Australia India Japan United States
Malabar 2019 Sasebo, Japan - INS Sahyadri (F49, Stealth Frigate), INS Kiltan (P30, ASW Corvette),1 x P-8I Neptune JS Kaga (DDH-184, Helicopter Carrier) JS Samidare (DD-106, Destroyer), JS Choukai (DDG-176, Destroyer),1 x Kawasaki P-1 USS McCampbell (DDG-85, Destroyer), 1 x LA-Class Submarine, 1 x P-8A Poseidon
Malabar 2020 Phase I Bay of Bengal, Eastern Indian Ocean HMAS Ballarat (FFG 155, Frigate) INS Shakti (A57, Fleet Tanker), INS Ranvijay (D55, Destroyer), INS Shivalik (F47, Stealth Frigate), INS Sindhuraj (S57, submarine), 1 x P-8I Neptune (maritime patrol aircraft), 1 x Dornier 228 (maritime patrol aircraft) JS Ōnami (DD 111, Destroyer) USS John S. McCain (DDG 56)
Phase II Northern Arabian Sea, Western Indian Ocean HMAS Ballarat (FFG 155, Frigate) INS Vikramaditya (CV 1, Aircraft Carrier), INS Kolkata (D63, Destroyer), INS Chennai (D65, Destroyer), INS Talwar (F40, Stealth Frigate), INS Deepak (A50, Fleet Tanker), INS Khanderi (S22, Submarine), 1 x P-8I Neptune (maritime patrol aircraft), 1 x IL-38 Doplhin (maritime patrol aircraft) JS Murasame (DD 101, Destroyer) USS Nimitz (CVN, Aircraft Carrier), USS Princeton (CG 59, Cruiser), USS Sterett (DDG 104, Destroyer), 1 x P-8A Poseidon
Malabar 2021 Phase I Guam, Philippine Sea HMAS Warramonga (FFH 152, Frigate) INS Shivalik (F47, Stealth Frigate), INS Kadmatt (P29, ASW Corvette), 1 x P-8I Neptune JS Kaga (DDH 184, Helicopter Carrier), JS Murasame (DD 101, Destroyer), JS Shiranui (DD 120, Destroyer), 1 x Kawasaki P-1 USS Barry (DDG 52, Destroyer), USNS Rappahannock (T-AO 204, Underway Replenishment Oiler), 1 x P-8A Poseidon
Phase II Northern Arabian Sea, Western Indian Ocean HMAS Ballarat (FFH 155, Frigate), HMAS Sirius (O 266, Fleet Replenishment Oiler) INS Ranvijay (D55, Destroyer), INS Satpura (F48, Stealth Frigate), 1 x P-8I Neptune JS Kaga (DDH 184, Helicopter Carrier), JS Murasame (DD 101, Destroyer) USS Carl Vinson (CVN 70, Aircraft Carrier), USS Lake Champlain (CG 57, Cruiser), USS Stockdale (DDG 106, Destroyer), 1 x P-8A Poseidon
Malabar 2022 Yokosuka, Philippine Sea HMAS Arunta (FFH 151, Frigate), HMAS Stalwart (submarine), HMAS Farncomb (SSG 74, submarine), 1 x P-8A Poseidon INS Shivalik (F 47, Stealth Frigate), INS Kamorta (P 28, Stealth Corvette), 1 x P-8I Neptune JS Hyuga (DDH 181, Helicopter Destroyer), JS Shiranui (DD 120, Destroyer), JS Takanami (DD 115, Destroyer), JS Oumi (AOE 426, Replenishment Ship), 1 x Kawasaki P-1 USS Ronald Reagan (CVN 76), USS Chancellorsville (CG 62, Cruiser), USS Milius (DDG 69, Destroyer)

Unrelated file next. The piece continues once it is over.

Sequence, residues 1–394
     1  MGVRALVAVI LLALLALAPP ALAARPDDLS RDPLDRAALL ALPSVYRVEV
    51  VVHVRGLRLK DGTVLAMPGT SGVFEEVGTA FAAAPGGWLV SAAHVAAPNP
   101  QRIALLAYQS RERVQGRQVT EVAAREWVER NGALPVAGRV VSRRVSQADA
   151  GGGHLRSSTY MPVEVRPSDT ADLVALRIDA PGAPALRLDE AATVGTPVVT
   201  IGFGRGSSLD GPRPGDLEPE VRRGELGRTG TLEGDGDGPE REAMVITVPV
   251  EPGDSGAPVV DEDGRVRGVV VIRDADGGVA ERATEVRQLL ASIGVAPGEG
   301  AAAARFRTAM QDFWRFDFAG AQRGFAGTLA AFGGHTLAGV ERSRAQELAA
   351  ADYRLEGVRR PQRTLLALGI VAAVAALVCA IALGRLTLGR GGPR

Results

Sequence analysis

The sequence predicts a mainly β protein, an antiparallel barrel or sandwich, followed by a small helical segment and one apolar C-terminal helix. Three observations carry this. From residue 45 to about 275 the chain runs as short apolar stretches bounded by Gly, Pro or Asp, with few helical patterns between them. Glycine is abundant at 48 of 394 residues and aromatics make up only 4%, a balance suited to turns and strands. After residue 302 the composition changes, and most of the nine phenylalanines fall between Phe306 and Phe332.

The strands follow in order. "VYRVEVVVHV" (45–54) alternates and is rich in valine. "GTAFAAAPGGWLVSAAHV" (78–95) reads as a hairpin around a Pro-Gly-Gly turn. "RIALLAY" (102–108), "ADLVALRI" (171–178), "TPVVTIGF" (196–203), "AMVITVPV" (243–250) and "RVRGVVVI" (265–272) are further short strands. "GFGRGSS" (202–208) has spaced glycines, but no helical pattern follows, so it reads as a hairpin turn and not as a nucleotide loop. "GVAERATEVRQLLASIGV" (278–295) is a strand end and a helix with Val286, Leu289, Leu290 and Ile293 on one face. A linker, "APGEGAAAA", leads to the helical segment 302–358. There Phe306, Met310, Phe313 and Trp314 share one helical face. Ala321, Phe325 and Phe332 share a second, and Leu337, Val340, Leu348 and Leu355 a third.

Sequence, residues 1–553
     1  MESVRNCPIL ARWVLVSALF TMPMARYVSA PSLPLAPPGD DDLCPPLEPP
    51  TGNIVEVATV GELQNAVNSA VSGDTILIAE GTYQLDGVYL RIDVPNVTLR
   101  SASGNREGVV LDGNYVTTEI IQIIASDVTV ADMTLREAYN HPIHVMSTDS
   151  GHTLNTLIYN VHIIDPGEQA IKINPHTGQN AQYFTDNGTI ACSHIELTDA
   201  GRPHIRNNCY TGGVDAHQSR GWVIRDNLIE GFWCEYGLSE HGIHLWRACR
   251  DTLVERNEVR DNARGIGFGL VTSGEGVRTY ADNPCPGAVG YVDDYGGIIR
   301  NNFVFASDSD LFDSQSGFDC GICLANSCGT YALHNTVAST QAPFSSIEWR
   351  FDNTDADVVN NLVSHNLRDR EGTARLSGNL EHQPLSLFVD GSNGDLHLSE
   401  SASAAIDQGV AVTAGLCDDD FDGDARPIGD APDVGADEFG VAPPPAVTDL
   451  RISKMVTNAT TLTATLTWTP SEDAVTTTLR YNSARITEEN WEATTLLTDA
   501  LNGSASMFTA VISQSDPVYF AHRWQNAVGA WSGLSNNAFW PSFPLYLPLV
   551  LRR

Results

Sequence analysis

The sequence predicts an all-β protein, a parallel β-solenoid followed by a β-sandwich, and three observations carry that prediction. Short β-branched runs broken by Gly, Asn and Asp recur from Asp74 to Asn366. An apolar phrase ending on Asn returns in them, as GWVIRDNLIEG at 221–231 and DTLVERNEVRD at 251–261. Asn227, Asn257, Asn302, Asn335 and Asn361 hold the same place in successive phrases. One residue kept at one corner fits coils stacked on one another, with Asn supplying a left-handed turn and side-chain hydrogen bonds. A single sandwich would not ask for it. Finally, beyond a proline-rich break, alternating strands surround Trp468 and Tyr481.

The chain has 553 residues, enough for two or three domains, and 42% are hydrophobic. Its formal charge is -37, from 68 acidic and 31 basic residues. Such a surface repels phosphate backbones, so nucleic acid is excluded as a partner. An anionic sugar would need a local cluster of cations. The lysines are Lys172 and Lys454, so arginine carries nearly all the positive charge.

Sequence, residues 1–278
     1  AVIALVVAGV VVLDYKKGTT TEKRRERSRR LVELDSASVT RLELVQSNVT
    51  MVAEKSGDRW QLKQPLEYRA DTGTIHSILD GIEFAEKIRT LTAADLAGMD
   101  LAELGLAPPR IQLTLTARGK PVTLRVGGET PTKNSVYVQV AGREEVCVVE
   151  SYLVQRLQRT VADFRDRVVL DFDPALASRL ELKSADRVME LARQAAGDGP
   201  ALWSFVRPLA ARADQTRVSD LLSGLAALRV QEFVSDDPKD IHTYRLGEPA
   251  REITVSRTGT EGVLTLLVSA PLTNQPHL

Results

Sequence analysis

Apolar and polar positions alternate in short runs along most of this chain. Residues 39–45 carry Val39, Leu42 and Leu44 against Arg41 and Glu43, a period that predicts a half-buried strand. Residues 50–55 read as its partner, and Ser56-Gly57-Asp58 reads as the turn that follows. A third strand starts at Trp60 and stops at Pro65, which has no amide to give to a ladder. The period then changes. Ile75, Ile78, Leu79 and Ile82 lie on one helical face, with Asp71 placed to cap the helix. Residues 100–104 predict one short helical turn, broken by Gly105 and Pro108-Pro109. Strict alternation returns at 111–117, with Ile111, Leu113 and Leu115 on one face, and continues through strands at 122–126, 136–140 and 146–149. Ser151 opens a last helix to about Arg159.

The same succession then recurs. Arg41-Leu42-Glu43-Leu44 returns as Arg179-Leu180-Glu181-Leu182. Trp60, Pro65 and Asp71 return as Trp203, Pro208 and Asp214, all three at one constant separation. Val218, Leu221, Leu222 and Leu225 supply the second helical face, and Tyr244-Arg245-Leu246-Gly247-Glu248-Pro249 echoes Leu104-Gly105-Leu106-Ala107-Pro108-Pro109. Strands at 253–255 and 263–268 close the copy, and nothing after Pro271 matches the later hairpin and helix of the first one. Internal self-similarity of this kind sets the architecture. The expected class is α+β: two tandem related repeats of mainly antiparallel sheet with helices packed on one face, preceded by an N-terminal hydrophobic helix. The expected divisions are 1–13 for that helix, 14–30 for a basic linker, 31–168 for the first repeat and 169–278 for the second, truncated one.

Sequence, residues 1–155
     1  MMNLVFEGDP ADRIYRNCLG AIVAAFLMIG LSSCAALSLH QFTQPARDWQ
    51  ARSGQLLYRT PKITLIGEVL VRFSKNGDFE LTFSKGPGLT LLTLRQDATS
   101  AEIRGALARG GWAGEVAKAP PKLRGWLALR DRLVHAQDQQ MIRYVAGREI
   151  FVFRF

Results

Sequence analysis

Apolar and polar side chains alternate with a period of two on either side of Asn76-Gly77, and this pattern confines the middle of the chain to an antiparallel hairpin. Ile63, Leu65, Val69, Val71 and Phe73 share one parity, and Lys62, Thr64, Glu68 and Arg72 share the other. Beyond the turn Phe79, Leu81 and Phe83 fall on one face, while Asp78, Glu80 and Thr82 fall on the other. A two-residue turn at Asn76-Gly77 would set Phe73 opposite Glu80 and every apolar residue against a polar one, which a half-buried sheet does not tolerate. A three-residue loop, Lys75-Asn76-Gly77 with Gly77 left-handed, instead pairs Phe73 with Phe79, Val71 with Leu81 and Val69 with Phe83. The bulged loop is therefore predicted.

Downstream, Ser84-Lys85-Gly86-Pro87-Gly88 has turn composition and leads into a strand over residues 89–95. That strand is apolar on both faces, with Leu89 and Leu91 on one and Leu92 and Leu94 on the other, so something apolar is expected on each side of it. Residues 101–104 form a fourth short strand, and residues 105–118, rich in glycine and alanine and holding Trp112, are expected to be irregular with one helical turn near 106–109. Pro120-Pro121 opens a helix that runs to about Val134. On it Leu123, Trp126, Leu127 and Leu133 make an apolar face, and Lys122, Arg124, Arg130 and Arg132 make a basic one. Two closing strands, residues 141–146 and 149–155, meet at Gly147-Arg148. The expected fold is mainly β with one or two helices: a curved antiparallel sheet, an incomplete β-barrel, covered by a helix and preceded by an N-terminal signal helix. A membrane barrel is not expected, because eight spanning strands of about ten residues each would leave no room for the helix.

Emerging technologies have opened another vector of geopolitical competition, driving greater consideration and management of data and national data-driven capabilities. This is happening as the Australian NIC is implementing structural change and moving together as a national enterprise. In this increasingly contested geopolitical environment, Australia needs the best from our national security apparatus. Australia’s choices on how to transform intelligence to meet these challenges will shape the next generation’s security and defence posture.

The National Intelligence Community

Ten agencies form the Australian Government’s intelligence enterprise, working to collect, analyse and disseminate intelligence and advice in accordance with the nation’s interests and national security priorities. Intelligence is information that has been collected, processed and analysed to support decision-making in relation to defence, foreign policy, national state affairs (such as diplomacy, trade and economics) and security.6 It is ‘knowledge vital for national survival.’7 The basic purpose of intelligence is to ‘improve the quality of decision-making by reducing ignorance, including reducing the vulnerability of the decision-maker to uncertainty.’8